After that, George, confident that Slim may not let out the secret, says the truth that he and Lennie do not have the cousin relation as he had told the boss earlier. The truth that he reveals to Slim is that their friendship has blossomed since childhood. George goes on to explain how Lennie often got them in trouble when they were young. He gives an example of their previous place of work where they had to escape after Lennie had touched dress that belonged to a certain woman. Lennie was accused of attempted rape. Slim accepts to offer a puppy to Lennie. Carlson still insists that Candy should kill the old dog. Slim agrees with Carlson adding that death is a good thing for the old dog, given that it is just suffering. Candy is forced to give in. Carlson goes with the dog outside, promising to make its death as painless as possible.
Slim then heads back to the barn in a bid to complete some work there. Curley is desperately looking for the wife. He goes to the barn to accost Slim. When Candy hears of the plan George and Lennie have to purchase land, he does not believe then at first. After being persuaded, he offers to give out the amount he has saved his entire life’s savings to make the plan work. They all agree not to let anyone else know of the plan they have. When Slim returns from the barn, he finds the suspicious Curley still looking for his wife. Curley, who is angry, is looking for a weak person to searching release his frustration. He finds that in Lennie. Curley begins fighting with Lennie. In the scuffle, he twists Curley’s hand. Slim tells Curley that any attempt to report the case so that George and Lennie can be fired will make Curley a laughingstock in the ranch. They agree to keep the event a secret.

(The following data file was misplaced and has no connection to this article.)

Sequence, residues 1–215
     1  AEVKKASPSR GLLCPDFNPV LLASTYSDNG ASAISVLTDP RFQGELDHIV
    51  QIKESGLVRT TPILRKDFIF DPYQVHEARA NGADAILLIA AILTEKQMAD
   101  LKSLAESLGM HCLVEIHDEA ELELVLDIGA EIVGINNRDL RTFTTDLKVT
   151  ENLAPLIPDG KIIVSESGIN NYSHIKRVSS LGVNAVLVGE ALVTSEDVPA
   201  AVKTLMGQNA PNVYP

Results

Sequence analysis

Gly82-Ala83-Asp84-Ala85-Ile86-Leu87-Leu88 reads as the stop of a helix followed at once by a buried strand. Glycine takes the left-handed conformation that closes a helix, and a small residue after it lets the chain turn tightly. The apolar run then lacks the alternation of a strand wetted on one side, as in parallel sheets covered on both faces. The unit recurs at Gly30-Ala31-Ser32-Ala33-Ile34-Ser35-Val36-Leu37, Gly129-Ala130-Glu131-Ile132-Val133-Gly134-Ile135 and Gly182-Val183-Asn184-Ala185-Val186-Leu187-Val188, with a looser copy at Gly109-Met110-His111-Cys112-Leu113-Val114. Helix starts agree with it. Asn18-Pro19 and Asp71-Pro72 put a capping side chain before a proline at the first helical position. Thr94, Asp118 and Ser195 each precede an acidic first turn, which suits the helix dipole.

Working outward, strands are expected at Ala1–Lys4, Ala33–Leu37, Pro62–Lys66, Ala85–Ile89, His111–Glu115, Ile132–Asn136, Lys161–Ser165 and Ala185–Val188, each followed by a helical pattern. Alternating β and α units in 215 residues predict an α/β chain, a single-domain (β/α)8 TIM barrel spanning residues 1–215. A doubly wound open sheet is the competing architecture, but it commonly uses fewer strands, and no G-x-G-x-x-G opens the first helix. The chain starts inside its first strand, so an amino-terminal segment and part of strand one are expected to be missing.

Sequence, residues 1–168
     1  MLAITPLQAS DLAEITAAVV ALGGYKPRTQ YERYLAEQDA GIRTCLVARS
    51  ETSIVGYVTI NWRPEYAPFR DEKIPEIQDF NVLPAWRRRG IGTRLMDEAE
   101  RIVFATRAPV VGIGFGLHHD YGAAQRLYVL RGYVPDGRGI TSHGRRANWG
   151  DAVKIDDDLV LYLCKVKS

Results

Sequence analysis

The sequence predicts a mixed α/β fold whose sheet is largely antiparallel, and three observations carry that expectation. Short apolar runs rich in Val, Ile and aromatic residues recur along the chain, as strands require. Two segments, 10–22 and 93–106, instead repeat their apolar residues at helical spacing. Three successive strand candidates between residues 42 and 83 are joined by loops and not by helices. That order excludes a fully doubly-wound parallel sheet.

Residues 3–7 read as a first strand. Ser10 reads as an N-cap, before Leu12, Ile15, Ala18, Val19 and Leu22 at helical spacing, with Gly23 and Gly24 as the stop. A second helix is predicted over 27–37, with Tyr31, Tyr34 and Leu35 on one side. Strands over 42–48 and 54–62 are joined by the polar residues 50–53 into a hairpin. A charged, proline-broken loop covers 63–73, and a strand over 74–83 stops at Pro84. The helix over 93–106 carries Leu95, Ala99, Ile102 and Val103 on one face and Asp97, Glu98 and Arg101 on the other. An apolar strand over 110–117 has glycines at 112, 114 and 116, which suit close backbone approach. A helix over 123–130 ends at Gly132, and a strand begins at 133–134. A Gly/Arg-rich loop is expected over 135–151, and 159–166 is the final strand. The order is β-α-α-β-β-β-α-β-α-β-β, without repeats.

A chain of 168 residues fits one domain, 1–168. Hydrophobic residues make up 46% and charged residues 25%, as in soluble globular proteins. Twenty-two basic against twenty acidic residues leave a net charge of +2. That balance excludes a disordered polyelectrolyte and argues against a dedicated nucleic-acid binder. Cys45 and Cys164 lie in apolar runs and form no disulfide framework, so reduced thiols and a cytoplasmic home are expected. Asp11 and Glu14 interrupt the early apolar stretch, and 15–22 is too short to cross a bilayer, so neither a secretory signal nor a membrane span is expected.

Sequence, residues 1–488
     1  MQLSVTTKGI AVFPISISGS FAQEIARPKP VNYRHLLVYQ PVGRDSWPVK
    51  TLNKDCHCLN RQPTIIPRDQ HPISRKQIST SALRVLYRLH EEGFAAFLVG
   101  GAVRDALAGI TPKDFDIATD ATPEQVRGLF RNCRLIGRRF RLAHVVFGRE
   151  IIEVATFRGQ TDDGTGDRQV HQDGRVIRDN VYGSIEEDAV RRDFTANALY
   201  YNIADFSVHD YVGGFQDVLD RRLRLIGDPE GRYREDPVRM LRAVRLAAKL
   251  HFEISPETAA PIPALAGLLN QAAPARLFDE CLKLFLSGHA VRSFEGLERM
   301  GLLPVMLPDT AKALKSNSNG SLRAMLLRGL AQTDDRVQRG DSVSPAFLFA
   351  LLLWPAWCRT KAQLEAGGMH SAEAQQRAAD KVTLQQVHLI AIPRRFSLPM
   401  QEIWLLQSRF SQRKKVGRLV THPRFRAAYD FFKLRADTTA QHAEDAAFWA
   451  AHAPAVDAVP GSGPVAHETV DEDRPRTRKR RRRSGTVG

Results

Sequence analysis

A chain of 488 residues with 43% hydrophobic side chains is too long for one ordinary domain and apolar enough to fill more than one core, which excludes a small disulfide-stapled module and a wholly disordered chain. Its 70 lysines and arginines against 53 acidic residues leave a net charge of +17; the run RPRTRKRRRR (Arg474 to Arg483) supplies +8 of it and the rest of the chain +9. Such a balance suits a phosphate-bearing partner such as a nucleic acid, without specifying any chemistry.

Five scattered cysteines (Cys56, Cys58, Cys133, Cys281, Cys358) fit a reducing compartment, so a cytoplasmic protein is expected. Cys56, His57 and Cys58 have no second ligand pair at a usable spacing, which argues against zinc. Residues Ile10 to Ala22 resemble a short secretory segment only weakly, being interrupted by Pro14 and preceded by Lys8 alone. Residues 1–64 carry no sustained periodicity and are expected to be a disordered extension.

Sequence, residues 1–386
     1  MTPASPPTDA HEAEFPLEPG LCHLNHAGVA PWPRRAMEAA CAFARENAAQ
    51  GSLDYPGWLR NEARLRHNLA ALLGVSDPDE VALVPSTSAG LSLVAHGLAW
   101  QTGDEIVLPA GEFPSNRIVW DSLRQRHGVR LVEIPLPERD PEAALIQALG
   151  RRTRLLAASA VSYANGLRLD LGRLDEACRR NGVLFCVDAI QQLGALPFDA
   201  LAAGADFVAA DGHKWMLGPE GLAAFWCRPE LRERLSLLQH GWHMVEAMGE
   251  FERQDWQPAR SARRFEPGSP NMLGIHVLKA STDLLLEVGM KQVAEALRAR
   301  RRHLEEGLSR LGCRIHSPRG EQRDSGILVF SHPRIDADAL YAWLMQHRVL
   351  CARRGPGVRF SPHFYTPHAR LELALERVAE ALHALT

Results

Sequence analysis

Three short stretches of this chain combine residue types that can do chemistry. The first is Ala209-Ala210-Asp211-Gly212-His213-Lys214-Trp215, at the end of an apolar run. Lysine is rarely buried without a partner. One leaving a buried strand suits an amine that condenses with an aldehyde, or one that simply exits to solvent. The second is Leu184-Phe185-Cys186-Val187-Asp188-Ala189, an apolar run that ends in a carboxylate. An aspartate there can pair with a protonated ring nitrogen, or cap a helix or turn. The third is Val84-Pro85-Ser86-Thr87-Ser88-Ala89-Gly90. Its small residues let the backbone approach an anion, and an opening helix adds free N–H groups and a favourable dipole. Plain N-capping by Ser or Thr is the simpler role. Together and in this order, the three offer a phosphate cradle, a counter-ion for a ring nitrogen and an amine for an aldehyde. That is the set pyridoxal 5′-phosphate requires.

The following night, the men grace a local brothel. It is only Lennie and Crooks that remain. Crook is a lonely, black man in the ranch. He is secluded because of his race. Candy is also around. Curley’s wife starts to flirt with them. She refuses to leave the place where the three men are until the arrival of the men that had gone to the brothel. Curley sees the cuts that are on Lennie’s face. She suspects they are his own doing and they have not been caused by machinery as he claims.
Lennie’s puppy dies in his own hands accidentally. Curley’s wife comes to the barn and has a conversation with Lennie about the disappointment she has with Curley. She regrets getting married to him and wishes she had followed her dream of being a movie star. When Lennie tells Curley’s wife of the love she has of soft petting objects, she gives Lennie permission to touch her soft hair. However, his grab is too tight. She feels scared and cries out. When Lennie tries to make her silent, he wrings her neck, and she accidentally dies. In fear, Lennie runs to the pool in Salinas River and the men come back to the ranch and find out what had transpired. They gather and go out to revenge on Lennie.
George finds Lennie ahead of the other men. Lennie is surprised at George that he is not infuriated by what Lennie has done. George starts narrating to Lennie things about the ranch they intend to buy together. With the description of the rabbits, Lennie will have, George, discovers that the lynch mob is fast-approaching. As a result, George is forced to shoot dead Lennie.
On arrival of the other men, George makes them believe it is Lennie who was already in possession of the gun. George had to wrestle and get the gun from him. He then shot him. However, George had killed Lennie because he did not want Lennie to go through more humiliation from the lynch gang before being killed. Slim is the only one that knows of George’s intentions. This is where the story by John Steinbeck ends.